http://www.anandtech.com/cpuchipsets/showdoc.aspx?...">http://www.anandtech.com/cpuchipsets/showdoc.aspx?...

    This chip is an Athlon 64 X2 3800+, but they call it an Opteron for whatever reason -- probably some marketing that is way over my head.

    Usually the caches are written 128k + 128k or 2x128k, but sometimes not -- again probably some marketing that is even further over my head.
    Reply
  • rgreen83 - Sunday, November 06, 2005 - link

    You guys are using the wrong AMD pricing page, I would kinda expect you guys to be a little more up to date on these things. Heres the right one http://www.amd.com/us-en/Corporate/VirtualPressRoo...">http://www.amd.com/us-en/Corporate/VirtualPressRoo... notice pricing effective 10/31 not 9/28 like the one you guys linked to, and true to form it lists the 165 at $278. Reply
  • Madellga - Sunday, November 06, 2005 - link

    Hey, you are all saying that the 165 is based on the Toledo, but I saw somewhere that the 165 has 128Kb L1 cache. The Toledo has 256Kb L1 cache.

    We all know that the 1024Kb L2 cache brings a little advantage (San Diego x Venice), but what about the L1 cache being smaller?

    How important that is? Any benchmarks available?

    I bought yesterday a X2 3800 Manchester (box not yet opened), know I wonder if I should return it and get a 165.

    What is the big advantage of the 165 over the X2 3800? Can it overclock better?

    The way I see now:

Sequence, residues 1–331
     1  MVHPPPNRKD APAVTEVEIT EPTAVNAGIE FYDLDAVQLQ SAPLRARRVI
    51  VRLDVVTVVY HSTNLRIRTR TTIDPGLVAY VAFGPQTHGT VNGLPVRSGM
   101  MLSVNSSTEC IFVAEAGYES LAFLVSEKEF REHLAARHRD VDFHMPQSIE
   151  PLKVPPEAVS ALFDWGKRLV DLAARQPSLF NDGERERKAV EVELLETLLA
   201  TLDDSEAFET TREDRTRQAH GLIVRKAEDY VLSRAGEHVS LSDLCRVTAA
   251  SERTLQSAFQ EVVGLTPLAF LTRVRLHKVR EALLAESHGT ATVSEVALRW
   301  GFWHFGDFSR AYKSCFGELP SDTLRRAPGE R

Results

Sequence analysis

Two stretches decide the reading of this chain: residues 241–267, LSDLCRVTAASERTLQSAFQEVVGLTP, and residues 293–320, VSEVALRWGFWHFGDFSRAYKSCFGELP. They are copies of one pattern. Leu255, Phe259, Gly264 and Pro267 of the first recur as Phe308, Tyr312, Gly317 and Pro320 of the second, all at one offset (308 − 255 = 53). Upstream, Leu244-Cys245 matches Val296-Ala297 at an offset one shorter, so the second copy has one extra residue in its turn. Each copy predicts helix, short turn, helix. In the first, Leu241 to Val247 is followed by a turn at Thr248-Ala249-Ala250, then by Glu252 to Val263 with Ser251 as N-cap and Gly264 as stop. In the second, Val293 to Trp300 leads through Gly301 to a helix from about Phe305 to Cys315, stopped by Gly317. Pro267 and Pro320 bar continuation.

X2 3800 has L1 256Kb L2 512Kb (per core)
    Multiplier 10x

    165 has L1 128Kb 1024KB (per core)
    Multiplier 9x

    Price being similar, I would think the X2 would still be better for most of people (specially without a DFI board).

    What I am missing here?

    Please let me know, I would hate opening the X2 3800 and finding out that the 165 was the beast to get.
    Reply
  • quasarsky - Sunday, November 06, 2005 - link

    are you sure about this??? Reply
  • Live - Sunday, November 06, 2005 - link

    AMD Opteron™
    Product Data Sheet
    64-Kbyte 2-Way Associative ECC-Protected
    L1 Data Cache
    – Two 64-bit operations per cycle, 3-cycle latency
    • 64-Kbyte 2-Way Associative Parity-Protected
    L1 Instruction Cache
    – With advanced branch prediction
    • 1024-Kbyte (1-Mbyte) 16-Way Associative
    ECC-Protected L2 Cache
    – Exclusive cache architecture—storage in addition
    http://www.amd.com/us-en/assets/content_type/white...">http://www.amd.com/us-en/assets/content...e/white_...

    AMD Athlon? 64 X2
    Dual-Core
    Product Data Sheet
    64-Kbyte 2-Way Associative ECC-Protected
    L1 Data Caches
    ? Two 64-bit operations per cycle, 3-cycle latency
    ? 64-Kbyte 2-Way Associative Parity-Protected
    L1 Instruction Caches
    ? With advanced branch prediction
    ? 16-Way Associative ECC-Protected
    L2 Caches
    ? Exclusive cache architecture?storage in addition
    to L1 caches
    ? Up to 1 Mbyte per L2 cache
    to L1 caches

    http://www.amd.com/us-en/assets/content_type/white...">http://www.amd.com/us-en/assets/content...e/white_...
    Reply
  • JarredWalton - Sunday, November 06, 2005 - link

    L1 cache sizes for all K8 chips are 128K. From Sempron through Opteron they all have the same L1 and internal structure. Only the number of cores, extension like SSE3, and L2 cache sizes vary. There's a reason L1 cache sizes are smaller than L2 - it is very difficult to get a large cache with a latency as low as L1. (Actually, it's almost impossible.) Reply
  • Pete84 - Saturday, November 05, 2005 - link

    You can use normal memory. It is just like a normal X2, except it is called an Opteron.

    The extra hypertransport links on Opterons are only on the MP variants.
    Reply